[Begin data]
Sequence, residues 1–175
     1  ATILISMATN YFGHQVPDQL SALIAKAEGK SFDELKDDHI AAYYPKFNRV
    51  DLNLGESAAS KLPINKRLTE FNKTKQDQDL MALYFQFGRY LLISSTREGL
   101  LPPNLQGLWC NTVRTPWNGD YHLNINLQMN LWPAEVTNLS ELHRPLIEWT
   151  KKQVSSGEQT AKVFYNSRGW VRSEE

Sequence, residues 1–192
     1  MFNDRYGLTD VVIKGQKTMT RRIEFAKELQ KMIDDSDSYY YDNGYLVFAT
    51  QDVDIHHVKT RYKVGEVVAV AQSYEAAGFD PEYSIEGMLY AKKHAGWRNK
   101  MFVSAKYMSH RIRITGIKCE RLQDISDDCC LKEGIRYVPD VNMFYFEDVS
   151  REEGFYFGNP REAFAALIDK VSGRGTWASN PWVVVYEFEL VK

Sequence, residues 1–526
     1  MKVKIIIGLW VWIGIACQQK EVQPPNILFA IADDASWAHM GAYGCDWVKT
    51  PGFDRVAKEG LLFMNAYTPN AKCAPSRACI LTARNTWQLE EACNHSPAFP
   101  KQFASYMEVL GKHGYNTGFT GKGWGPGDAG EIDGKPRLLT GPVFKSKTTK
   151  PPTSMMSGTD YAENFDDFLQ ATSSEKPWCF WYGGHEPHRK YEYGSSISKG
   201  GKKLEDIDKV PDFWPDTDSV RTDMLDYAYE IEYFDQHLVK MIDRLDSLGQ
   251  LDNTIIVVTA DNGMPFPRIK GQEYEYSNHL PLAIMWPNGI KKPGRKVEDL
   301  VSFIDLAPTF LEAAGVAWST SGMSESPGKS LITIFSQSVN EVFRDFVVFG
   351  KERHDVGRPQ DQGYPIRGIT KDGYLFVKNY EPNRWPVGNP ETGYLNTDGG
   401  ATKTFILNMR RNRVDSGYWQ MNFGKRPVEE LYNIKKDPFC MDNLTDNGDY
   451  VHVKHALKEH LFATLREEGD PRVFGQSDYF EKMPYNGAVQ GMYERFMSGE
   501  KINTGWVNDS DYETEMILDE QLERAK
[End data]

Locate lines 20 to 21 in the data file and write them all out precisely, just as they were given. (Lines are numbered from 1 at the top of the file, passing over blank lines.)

   401  ATKTFILNMR RNRVDSGYWQ MNFGKRPVEE LYNIKKDPFC MDNLTDNGDY
   451  VHVKHALKEH LFATLREEGD PRVFGQSDYF EKMPYNGAVQ GMYERFMSGE